Certain introduced bird species, such as the house sparrow and the European starling, can cause problems for native species. That is why CWF emphasizes creating habitat through the planting of native trees, shrubs and other plants, as opposed to simply providing bird feeders.
It’s unlikely we will ever be rid of non-native bird species. However, by following these tips, you can at least discourage them while helping native species.
Offer suet cake, made without preservatives and packed with seeds, in a wire suet holder that can be hung. Pigeons are ground feeders and will generally only feed at sturdy platform feeders. You can also purchase suet feeders that have a wooden top and wire mesh below—the bird can only access them by hovering underneath or clinging to the underside. Woodpeckers can do this, but pigeons can’t.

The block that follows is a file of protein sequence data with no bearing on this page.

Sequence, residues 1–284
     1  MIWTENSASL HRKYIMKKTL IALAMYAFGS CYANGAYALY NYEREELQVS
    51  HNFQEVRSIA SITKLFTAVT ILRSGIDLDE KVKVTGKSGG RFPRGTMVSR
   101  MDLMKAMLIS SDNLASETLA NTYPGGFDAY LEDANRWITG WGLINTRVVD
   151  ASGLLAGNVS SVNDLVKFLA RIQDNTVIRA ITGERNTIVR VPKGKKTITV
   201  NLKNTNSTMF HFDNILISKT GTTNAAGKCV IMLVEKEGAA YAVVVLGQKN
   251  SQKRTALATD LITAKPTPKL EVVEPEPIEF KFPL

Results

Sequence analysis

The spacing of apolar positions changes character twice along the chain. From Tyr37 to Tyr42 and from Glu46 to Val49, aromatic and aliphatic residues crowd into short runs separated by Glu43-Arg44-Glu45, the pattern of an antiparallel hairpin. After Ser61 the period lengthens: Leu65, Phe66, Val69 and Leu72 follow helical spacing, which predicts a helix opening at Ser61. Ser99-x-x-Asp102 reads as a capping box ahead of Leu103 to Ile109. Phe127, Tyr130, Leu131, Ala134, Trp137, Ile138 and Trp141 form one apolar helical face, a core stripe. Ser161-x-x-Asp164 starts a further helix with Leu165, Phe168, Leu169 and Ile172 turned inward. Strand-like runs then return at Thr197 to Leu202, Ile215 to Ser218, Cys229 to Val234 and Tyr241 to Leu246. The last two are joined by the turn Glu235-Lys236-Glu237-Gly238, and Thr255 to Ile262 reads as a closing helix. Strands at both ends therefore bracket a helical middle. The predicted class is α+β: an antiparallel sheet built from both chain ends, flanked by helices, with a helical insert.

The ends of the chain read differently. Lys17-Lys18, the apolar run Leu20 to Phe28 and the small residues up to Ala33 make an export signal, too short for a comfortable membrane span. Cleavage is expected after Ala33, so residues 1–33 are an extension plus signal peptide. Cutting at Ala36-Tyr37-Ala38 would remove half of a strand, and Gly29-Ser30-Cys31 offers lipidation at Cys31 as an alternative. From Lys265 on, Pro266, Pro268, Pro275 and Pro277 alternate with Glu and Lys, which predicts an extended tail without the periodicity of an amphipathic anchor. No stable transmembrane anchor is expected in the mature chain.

A number of commercial birdseed mixes contain high proportions of hulled oats, rice, peanut hearts, corn, millet and wheat. Avoid these mixes since these ingredients can attract unwelcome guests such as pigeons, starlings and house sparrows.
If you have the space, try filling a number of different feeders with different types of food. If you put a mix of seeds in one feeder it often goes to waste, as birds will eat their favourites and spill the rest. Separating food types and feeders will help give smaller birds a chance to eat without being scared away by larger birds.
Many smaller birds, such as finches, don’t require perches, but larger birds do. Hang tubular feeders with shortened or no perches to discourage larger birds. Finch feeders with tiny openings for Niger seed don’t allow the larger birds to feed but are great for goldfinches and other small birds.
Offer sunflower seeds, since they are the favourite food of purple finches, cardinals, goldfinches, grosbeaks, juncos, chickadees, nuthatches and many other birds.
Use caged feeders that let only small birds in, weight-sensitive feeders and tube feeders with small or no perches. These will all exclude crows in favour of smaller birds.